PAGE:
Broken Fences

The last week of April, my youngest son and I were heading out the door for evening activities at church when a horrendous storm descended upon us with no warning. We all stood watching at the picture windows on the back side of the house when finally my oldest son shouted, “Get away from the window! I think it’s a tornado!”
It took a while before we realized our driveway was completely blocked by a tree. Pieces of other trees were scattered all about our property. We immediately got to work.
Accustomed to microbursts on our property, it wasn’t until I walked my normal route a couple of days later that I realized we weren’t the only ones affected. Debris was piled up by the roadsides.
Little evidence of the storm remains six weeks later except at one home in an adjacent neighborhood, where the fencing rests in scattered waves along the back of the property, rusty nails pointed upward in search of something to cling to. Only recently has it been moved off the sidewalk. 
It is the only house lacking fencing along the busy street, which connects only a couple of hundred feet away from the home to one of the busiest roads in our metropolitan area. As I walked by the other night, I found myself thinking, “I certainly would fix that fence pretty quickly if this were my property.”
Barring calamity, fences tend to break where they are most weak and neglected. In our lives, we make choices daily about whether to maintain our spiritual fences or neglect them. And in neglecting them, we become prey to the enemy.
Let me give you an example. We find a show that we really enjoy. It’s funny. It’s clever. So we overlook the sexual humor or the crude jokes. We determine that the entertainment value outweighs the crudeness. Our fence slowly gets broken down, making way for increasingly vulgar content. Before long, we not only enjoy the crudeness but we perpetuate it.
Sometimes a broken fence can be a matter of inappropriate friendships. As a married person, for instance, you have no business whatsoever meeting one-on-one with a member of the opposite gender. Whether it’s a business lunch or a personal meeting, add another person so you don’t stir up trouble. The same rule applies to personal phone calls. As a married person, you don’t need a member of the opposite sex to be your best friend and confidant unless that person is your spouse. Period.
But not all inappropriate friendships involve the opposite gender. Some involve people who drag you down. We’ve all had friends like that – people who delight in making choices that dishonor God, or who have the appearance of godliness but tongues like vipers. Your friends, your family, your marriage – they’re all fair game among such people. If you have people like that in your life, get off at the next exit and never turn back.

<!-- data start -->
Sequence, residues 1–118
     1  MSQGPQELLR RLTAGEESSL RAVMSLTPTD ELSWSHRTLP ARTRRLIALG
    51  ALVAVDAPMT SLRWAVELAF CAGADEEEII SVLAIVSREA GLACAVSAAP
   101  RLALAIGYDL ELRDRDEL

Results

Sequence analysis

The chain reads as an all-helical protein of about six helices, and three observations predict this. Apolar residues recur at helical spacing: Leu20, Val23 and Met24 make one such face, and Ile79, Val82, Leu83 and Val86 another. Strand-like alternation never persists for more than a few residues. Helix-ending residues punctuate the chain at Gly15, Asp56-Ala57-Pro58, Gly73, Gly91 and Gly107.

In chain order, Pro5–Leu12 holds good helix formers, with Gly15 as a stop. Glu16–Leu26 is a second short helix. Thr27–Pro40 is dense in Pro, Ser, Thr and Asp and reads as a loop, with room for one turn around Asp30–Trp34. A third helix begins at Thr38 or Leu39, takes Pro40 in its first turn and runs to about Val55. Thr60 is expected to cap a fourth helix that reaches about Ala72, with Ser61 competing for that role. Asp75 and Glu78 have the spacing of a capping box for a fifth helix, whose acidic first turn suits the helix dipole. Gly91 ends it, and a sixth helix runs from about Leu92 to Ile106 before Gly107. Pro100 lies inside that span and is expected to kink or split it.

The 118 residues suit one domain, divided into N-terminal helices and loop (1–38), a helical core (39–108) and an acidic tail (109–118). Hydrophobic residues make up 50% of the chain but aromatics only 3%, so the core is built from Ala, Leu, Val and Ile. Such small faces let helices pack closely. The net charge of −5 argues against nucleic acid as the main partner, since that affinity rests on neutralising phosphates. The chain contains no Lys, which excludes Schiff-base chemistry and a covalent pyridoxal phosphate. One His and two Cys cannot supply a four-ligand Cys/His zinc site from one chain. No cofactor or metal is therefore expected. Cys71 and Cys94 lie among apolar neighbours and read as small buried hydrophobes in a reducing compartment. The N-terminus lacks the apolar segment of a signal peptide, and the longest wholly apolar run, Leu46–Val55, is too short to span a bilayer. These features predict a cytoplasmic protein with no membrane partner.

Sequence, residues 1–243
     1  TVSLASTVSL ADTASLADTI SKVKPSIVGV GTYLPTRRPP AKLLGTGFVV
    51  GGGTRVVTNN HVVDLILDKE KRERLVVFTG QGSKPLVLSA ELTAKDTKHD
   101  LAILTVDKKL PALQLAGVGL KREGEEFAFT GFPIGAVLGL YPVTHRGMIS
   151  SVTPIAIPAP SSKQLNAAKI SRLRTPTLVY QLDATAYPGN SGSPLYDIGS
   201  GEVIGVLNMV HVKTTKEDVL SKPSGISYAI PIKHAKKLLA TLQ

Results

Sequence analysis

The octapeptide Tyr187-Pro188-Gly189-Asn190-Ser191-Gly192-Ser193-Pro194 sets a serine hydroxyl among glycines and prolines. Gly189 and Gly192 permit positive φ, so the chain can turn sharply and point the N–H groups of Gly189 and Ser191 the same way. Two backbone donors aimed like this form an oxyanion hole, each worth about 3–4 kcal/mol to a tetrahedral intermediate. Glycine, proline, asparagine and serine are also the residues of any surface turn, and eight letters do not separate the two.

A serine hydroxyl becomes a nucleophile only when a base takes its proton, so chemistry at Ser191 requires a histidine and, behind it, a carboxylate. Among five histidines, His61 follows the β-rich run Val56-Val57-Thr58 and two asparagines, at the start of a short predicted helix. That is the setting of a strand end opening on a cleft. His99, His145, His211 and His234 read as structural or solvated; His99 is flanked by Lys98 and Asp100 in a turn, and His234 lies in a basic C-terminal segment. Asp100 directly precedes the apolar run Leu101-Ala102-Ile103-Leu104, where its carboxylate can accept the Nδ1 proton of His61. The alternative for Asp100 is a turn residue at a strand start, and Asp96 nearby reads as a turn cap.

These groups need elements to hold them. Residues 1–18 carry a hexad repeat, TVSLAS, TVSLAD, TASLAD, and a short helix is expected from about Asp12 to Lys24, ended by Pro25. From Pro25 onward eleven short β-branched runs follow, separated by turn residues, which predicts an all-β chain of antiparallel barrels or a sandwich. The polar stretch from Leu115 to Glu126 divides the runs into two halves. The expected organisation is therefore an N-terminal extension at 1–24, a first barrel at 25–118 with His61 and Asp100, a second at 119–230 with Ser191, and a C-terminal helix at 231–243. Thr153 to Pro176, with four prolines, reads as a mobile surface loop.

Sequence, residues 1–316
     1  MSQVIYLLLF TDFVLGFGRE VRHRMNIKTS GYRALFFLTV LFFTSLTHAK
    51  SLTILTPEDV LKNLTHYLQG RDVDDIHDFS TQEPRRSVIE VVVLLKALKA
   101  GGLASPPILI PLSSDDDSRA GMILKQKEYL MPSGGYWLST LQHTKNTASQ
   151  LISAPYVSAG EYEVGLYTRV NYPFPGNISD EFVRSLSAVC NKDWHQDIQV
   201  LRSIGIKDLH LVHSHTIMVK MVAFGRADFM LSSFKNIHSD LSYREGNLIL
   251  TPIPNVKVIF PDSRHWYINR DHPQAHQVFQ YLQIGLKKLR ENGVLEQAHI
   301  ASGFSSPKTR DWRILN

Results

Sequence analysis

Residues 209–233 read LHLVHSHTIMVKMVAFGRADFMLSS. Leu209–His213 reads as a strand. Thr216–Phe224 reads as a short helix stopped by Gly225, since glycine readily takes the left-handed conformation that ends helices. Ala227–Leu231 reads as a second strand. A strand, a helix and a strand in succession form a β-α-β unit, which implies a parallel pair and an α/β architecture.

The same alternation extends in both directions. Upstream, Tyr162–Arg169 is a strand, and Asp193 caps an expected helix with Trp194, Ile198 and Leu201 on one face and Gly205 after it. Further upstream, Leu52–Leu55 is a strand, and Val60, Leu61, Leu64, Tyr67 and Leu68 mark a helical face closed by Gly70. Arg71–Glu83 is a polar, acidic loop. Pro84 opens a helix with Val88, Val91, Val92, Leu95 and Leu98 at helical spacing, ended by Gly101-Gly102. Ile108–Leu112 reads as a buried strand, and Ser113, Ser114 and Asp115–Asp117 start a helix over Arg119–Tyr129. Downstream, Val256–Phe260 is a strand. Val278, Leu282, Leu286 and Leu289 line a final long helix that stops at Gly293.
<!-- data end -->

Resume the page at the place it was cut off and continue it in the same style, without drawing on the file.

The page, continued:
That brings me to another kind of fence that we need to keep: one over our mouths. “Set a guard over my mouth, O Lord; keep watch over the door of my lips,” the psalmist wrote in Psalm 141:3. That’s not a bad prayer to pray daily. Careless words often start as a result of our own pain, our own need to assert ourselves against those who hurt us. Before long, our tongues are waging warfare as preemptive strikes. “The mouth of the righteous is a fountain of life, but violence overwhelms the mouth of the wicked,” Proverbs 10:11. 
We must also guard our thoughts. The enemy will plant an evil thought in our minds, and in our preoccupation with the day at hand, we’re slow to dismiss it. Before long, we’re actually entertaining the thought. Entertaining the thought, if not kept in check, results in acting upon it. It has been put like this: Sow a thought, reap an action; sow an action, reap a habit; sow a habit, reap a character. Basically, you are what you eat. Feast upon sinful thoughts, and you’ll become a glutton for punishment from a jealous God.
Our broken fences also create a hazard for those we encounter along our way. The fallen planks of our bad choices can cause others to stumble or fall. The rusty nails of our neglected paths can even poison the very souls of those who not inoculated through salvation in Christ against eternal separation from God.
Here are just a few fence-building tips from the word of God:
  • Discretion will protect you, and understanding will guard you. – Proverbs 2:11
  • Above all else, guard your heart, for it is the wellspring of life. – Proverbs 4:23
  • Keep my commands and you will live; guard my teachings as the apple of your eye. – Proverbs 7:2
  • Then He said to them, “Watch out! Be on your guard against all kinds of greed; a man’s life does not consist in the abundance of his possessions.” – Luke 12:15
  • Be on your guard; stand firm in the faith; be men of courage; be strong. – 1 Corinthians 16:13
  • Timothy, guard what has been entrusted to your care. Turn away from godless chatter and the opposing ideas of what is falsely called knowledge, which some have professed and in so doing have wandered from the faith. – 1 Timothy 6:20-21
God does not expect you to maintain or even rebuild your fences on your own. Remember that He has given you a helper. “Guard the good deposit that was entrusted to you – guard it with the help of the Holy Spirit who lives in us,” Paul instructed Timothy in 2 Timothy 1:14. 
Ask God to show you the broken fences in your life, and the great Carpenter of your soul will help you rebuild and maintain your boundary lines.